Video: Child cancer patients get to 'Hug a Bear' thanks to Oman Cancer Association
February 21, 2018 | 9:39 PM
by Times News Service
The aim is to provide patients, survivors, and families moral and psychological support.

Muscat: The Oman Cancer Association (OCA) held its annual “Hug a Bear” initiative at the Royal Hospital, to bring joy and hope to children diagnosed with cancer and their parents, with gifts and entertaining activities.

“As a citizen of this society, we host such events to educate and make people aware of the disease in the Sultanate,” Dr. Wahib Al Kharusi, president of OCA, said.

“Through such events, we want both parents and patients to know they are not alone in this journey and we are by their side to fight this disease together,” he said.

According to Dr. Nagwa El Vanna, Consultant Paediatric Oncologist at Royal Hospital, the number of children suffering from cancer is decreasing. “It gives us immense pleasure to see that the number has been going down. We are now receiving 120 children each year, which is much lesser when compared with previous years,” he said.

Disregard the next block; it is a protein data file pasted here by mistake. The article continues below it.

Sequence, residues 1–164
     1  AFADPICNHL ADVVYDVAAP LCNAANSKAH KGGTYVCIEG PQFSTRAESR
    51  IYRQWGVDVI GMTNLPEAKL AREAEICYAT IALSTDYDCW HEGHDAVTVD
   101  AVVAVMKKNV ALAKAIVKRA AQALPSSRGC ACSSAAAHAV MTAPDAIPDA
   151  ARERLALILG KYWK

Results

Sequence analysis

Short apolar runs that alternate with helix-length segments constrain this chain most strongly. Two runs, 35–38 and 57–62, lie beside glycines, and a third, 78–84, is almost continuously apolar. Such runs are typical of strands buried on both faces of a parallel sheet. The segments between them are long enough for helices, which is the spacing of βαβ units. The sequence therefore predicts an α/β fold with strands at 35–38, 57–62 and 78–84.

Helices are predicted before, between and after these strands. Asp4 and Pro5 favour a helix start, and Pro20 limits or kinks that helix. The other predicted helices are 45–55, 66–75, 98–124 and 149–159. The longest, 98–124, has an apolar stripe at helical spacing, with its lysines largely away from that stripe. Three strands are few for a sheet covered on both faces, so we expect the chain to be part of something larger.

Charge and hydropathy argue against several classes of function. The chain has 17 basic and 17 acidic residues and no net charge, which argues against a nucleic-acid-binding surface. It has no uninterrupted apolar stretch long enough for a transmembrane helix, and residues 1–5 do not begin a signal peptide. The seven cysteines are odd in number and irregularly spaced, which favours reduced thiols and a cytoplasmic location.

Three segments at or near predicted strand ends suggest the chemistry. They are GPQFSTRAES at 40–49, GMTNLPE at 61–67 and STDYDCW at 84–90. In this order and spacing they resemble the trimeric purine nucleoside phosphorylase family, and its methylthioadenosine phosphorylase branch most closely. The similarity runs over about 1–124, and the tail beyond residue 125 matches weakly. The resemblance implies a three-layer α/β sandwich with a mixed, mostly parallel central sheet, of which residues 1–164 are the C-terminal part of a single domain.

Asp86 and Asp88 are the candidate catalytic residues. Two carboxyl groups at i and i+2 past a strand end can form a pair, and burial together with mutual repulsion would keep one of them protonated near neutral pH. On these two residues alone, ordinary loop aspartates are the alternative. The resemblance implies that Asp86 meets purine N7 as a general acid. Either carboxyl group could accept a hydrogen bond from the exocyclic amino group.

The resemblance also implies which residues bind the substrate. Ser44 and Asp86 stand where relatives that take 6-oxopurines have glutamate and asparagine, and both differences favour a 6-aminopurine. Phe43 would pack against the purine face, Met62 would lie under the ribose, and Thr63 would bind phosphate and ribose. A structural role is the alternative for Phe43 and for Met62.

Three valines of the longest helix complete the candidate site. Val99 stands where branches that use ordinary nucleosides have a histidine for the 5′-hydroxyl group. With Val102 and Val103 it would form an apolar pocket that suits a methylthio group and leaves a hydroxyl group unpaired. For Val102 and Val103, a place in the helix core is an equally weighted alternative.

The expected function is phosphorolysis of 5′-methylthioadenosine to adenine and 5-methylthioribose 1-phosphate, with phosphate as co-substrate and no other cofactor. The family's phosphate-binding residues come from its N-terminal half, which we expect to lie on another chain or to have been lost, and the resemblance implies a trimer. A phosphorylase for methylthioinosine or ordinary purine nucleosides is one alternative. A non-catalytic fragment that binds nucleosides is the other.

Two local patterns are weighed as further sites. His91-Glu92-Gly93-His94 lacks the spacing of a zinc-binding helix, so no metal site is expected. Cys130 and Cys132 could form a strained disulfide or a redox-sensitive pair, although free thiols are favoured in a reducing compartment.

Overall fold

The Consultant Paediatric Oncologist has been working closely with the disease-affected children for the last 30 years. The aim of the association doesn’t only include treating or reducing the number of cancer patients, but also providing patients, survivors, and families moral and psychological support while they undergo tough times. “We aim to provide extensive support to both cancer patients and survivors, as well as intend to work to reduce the socio-economic negative impact on families,” El Vanna said.

Recently, the Caledonian Society of Oman had donated OMR2,500 to the OCA, to support its efforts in raising awareness on the importance of early detection and regular screening for cancer. “The work they do is incredible and we are proud to work with them,” George Craig, Chieftain of Caledonian Society of Oman, told the Times of Oman.

“Previous fund-raisers have provided a mobile mammogram unit. They also have an ultrasound machine staffed by volunteer doctors. These two initiatives have reduced the waiting time for cancer screening from weeks to days. This means many types of cancers can now be detected earlier and that ensures a better survival rate for patients,” Craig said.

OCA is the brainchild of Yuthar Al Rawahi, a four-time cancer survivor and founder and Honorary Life President of the Association. Since its foundation, the non-governmental, non-profit umbrella organisation has been working to spread cancer awareness in the community and to support cancer patients, survivors, their families, and the community at large.

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